What you're wrong about is that Israel anticipated the kidnapping of those reservists. Nothing is more demoralizing to Israelis than a kidnapping of IDF soldiers. Even worse, this incident came at a time when Israel had its hands full trying to manage the kidnapping of Gil'ad Shalit and the blow inflicted upon it Hamas and other militants. These kidnappings were the result of failures at the tactical intelligence and operational level. Hizbullah chose their timing and Israel was forced to respond according to Hizbullah's timing.

Kalman's article proves absolutely nothing! The fact that Israeli officers have been rehearsing these kinds of operations should be taken for granted. Every army in the position of the IDF with an unstable neighbour like Lebanon would have prepared war games and scenarios to deal with this kind of a situation. It does not mean that Israel precipitated this particular crisis.

I think you seem to be unaware of the significance of the Hizbullah operation to the IDF, the Israeli government and the Israeli public. This was not another routine event on the northern border. It came after a very similar operation against Israeli soldiers stationed along Gaza and it forced the IDF to try to prove its mettle and to attempt to restore its deterrence.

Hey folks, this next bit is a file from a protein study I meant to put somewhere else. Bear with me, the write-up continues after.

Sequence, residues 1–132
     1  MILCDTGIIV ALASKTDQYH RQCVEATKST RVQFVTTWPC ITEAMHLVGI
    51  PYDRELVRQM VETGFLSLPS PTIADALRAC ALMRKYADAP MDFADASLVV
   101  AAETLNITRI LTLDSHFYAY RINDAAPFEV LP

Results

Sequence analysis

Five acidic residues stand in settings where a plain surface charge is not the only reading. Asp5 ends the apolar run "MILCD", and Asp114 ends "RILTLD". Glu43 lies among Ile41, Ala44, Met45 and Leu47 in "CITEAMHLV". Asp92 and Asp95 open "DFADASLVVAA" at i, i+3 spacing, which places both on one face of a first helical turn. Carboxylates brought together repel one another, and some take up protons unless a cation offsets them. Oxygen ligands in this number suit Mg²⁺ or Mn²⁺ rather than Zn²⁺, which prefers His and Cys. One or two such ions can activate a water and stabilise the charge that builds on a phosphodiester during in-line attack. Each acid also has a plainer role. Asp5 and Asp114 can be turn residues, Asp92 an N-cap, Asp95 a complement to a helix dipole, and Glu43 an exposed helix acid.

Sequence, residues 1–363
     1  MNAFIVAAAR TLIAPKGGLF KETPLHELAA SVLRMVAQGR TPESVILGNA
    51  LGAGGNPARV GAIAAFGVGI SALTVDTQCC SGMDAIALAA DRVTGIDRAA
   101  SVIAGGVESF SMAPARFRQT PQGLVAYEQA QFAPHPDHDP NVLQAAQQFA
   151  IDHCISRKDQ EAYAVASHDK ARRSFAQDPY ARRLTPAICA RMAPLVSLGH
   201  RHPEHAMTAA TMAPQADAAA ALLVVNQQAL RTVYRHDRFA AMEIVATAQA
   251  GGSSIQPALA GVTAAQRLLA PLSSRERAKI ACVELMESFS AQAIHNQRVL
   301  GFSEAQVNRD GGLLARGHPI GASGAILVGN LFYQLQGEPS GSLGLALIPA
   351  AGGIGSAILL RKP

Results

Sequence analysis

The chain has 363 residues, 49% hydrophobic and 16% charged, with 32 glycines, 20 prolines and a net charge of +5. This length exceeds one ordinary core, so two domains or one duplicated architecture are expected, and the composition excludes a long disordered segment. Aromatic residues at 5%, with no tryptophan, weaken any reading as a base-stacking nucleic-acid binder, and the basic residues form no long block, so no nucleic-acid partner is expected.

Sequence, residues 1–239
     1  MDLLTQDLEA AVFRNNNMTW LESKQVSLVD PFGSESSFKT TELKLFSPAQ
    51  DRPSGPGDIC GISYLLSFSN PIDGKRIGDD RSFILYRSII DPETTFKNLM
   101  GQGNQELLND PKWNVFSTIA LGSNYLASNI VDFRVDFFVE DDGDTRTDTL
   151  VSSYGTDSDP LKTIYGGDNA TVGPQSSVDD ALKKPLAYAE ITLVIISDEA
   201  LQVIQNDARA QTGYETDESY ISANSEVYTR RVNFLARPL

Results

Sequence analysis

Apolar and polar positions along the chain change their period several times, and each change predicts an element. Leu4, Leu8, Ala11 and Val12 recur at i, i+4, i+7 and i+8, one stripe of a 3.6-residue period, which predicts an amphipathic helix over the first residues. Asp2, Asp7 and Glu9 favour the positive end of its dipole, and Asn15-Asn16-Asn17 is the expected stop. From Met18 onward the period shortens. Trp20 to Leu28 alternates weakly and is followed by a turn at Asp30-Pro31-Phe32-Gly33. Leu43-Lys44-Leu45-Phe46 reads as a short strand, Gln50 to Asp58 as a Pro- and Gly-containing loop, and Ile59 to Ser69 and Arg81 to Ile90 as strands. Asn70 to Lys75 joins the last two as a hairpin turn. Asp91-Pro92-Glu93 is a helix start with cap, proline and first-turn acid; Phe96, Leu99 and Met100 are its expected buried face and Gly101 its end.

You're also forgetting that Israelis are still traumatized by the killing of those three other soldiers in 2000 and by the kidnapping Elhanan Tenenbaum. Given all of this cumulative baggage, this event certainly was different from previous clashes between Hizbullah and the IDF.

delana said...

O.K. i have a question for john(co-writer)when you are able to push hezbulla beyond whatever imaginary line(someones village) what do they do with them,and who's going to be in the middle holding them back. i know stupid question. Humor me.I mean in the long run what is that going to do.Ive been at home caring for my children.I keep up with many things going on in this world.I have three children son15,daughter3,son2,and i have to wonder what is it we are leaving are children to deal with. my 15 yr old told me "maybe they(anyone but a militia)justs needs some help to regain what state is what,and where once and for all." Sounds good huh. Its funny how as children we see the simplest of solutions and then realize we have made our world more complicated than it needs to be. I know im just a mom what would i know of world matters.But i do know this, if and when this world can live and let live. The men of this world have alot of explaing to do.